Aluminum tent?  Won't the vapors that drip off the aluminum deposit aluminum into the food?

I would think that a covered stainless steel roaster would be the safest, or a crockpot or ceramic even better?
Posted by: geminisue, Thursday, December 30, 2010, 1:19pm; Reply: 18
I was always told when using pyrex, glass, ceramic, corningware, to use 325 degrees F. Never had a problem, in fact, I still have some from the 60's.  So I won't worry about the warning, but thanks.
Posted by: AKArtlover, Thursday, December 30, 2010, 1:35pm; Reply: 19
I don't know about the aluminum tent. I didn't use one last time, but planned to use one today. Though, with the olive oil baste, the turkey was pretty moist. I may skip it and just use a ghee baste and rebaste often. I like to be cautious too.

I think I would be less concerned about tenting than baking the food onto it. Aluminum doesn't really rust so I think it would be pretty stable with just a little vapor.My main concern would be aluminum cookware that people used to use boiling soups and frying things in, etc.

You can find another brand of glass pan on Amazon that is not the pyrex brand and is the type of glass mentioned above.

I'm going to use the pan I already have, but it is not going from the fridge to the oven and I may put it in first and preheat the oven to avoid shock. Either way, I will be cautious.

I won't bake with a plastic.
Posted by: AKArtlover, Thursday, December 30, 2010, 10:11pm; Reply: 20
Ok, wrestled a turkey with a melted ghee baste and the baster kept popping apart. grrrr.

Thinking the olive oil was so much easier, but weren't we talking about oils oxidizing and creating nasties before? Is there another high temp compliant oil that would be good?

Basically instead of injecting (don't know if the cold flesh was kind of clogging the baster by resolidifying the ghee), I ended up giving the old turkey a massage with melted ghee on my gloves. Noticed that the ghee was kind of clumping shortly after I moved on from an area (maybe why the baster was popping off). But the top keeps popping when I open the oven with hot ghee anyway. Maybe I got a dud. :P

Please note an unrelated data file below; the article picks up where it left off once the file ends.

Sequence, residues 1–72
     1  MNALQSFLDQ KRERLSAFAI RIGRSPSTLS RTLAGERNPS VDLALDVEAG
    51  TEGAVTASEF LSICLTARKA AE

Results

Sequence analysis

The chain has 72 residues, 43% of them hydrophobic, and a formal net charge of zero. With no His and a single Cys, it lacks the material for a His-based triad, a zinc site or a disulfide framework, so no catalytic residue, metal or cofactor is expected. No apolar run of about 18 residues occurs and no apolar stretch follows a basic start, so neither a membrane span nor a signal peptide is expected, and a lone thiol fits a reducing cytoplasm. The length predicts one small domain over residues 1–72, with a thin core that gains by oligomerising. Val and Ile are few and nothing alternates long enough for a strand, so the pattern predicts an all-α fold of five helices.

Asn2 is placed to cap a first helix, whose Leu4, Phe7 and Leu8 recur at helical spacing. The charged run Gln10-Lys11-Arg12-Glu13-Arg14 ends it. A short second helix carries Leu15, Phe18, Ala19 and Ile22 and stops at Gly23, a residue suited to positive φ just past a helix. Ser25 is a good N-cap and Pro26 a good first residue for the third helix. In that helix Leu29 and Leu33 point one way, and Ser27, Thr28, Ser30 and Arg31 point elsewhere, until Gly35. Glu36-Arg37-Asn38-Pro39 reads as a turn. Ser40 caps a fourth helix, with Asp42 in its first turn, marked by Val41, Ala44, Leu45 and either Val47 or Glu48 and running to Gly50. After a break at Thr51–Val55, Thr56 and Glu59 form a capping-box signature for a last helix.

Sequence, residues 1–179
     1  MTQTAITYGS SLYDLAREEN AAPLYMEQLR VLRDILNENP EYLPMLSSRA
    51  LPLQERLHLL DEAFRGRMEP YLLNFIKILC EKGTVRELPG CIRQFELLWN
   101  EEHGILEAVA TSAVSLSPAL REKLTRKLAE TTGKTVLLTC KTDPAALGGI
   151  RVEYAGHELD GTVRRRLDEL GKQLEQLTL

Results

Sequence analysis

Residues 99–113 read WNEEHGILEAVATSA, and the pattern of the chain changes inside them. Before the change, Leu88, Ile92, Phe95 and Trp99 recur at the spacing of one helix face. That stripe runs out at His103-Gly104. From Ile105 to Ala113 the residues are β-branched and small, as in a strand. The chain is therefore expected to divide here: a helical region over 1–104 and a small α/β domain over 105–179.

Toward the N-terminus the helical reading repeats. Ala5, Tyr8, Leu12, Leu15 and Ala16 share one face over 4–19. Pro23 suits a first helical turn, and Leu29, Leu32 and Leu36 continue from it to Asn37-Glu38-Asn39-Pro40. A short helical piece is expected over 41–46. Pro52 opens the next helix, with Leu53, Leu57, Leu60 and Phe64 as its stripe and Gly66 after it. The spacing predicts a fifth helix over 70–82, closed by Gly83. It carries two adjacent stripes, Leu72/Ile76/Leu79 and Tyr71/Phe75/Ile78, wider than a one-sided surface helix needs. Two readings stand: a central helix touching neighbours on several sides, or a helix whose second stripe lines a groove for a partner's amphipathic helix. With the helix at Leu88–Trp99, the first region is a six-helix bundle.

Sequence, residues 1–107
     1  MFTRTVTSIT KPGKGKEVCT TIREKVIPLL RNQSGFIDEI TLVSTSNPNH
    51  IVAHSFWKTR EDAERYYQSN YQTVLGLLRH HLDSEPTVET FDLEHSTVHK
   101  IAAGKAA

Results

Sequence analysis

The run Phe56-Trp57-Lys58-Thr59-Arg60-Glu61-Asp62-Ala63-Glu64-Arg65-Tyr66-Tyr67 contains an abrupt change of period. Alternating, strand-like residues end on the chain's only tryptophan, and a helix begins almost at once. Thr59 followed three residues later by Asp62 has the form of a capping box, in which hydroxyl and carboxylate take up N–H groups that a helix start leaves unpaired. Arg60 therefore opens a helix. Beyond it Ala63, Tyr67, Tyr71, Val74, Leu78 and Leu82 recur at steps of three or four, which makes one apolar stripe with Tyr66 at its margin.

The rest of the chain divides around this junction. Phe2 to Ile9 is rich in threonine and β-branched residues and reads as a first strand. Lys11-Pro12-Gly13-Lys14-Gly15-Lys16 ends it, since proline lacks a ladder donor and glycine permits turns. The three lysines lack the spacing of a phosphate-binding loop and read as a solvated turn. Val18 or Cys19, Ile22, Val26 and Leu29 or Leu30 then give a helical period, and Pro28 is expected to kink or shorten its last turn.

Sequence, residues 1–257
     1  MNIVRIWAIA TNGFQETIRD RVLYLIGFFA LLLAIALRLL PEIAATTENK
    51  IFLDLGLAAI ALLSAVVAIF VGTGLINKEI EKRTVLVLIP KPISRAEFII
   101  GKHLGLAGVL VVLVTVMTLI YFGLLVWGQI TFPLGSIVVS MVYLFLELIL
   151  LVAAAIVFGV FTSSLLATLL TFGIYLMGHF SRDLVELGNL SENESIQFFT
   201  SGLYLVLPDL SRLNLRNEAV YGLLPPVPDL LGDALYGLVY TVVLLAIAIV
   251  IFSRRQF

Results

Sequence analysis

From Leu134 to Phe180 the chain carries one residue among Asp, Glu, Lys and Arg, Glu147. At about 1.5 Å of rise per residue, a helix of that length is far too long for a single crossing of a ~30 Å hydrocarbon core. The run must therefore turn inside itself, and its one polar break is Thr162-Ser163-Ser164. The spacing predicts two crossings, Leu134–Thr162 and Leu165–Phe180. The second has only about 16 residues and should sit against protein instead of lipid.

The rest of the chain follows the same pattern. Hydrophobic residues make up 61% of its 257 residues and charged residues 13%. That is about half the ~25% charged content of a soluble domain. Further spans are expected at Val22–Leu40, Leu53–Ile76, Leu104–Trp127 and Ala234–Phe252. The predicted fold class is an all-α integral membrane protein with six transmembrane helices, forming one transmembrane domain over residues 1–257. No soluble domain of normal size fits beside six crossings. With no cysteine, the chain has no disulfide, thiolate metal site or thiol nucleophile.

No tent. I also set our humidifier in front of the oven. The whole house has been so dry anyhow, I thought it might at least help keep me from drying out.  :)

This is my first completely solo turkey ever! I didn't even gag when pulling all the stuff out and plucking a few spare feathers. I did wear gloves. ;D

Well, maybe I need to start thinking of myself as a cook after all.
Posted by: Lola, Friday, December 31, 2010, 2:52am; Reply: 21
practice makes perfect :)
Posted by: AKArtlover, Friday, December 31, 2010, 5:38am; Reply: 22
Alright. Best turkey ever. No joke. SUPER MOIST.  
I guess it was worth it. And many servings for me in the freezer for later. 8)
Will probably replicate everything next time as I can (minus the crazy baster)-- somehow it turned out perfect. What a great blessing after the hassle!

Side of mashed rutabagas-- recipe courtesy this site. Gracias.
Steamed carrots and green beans. Hubby made some plain millet. Everything was a hit with my college age niece and nephew who are ravenous athletes. Yippee!!
Posted by: Lola, Friday, December 31, 2010, 5:43am; Reply: 23
;)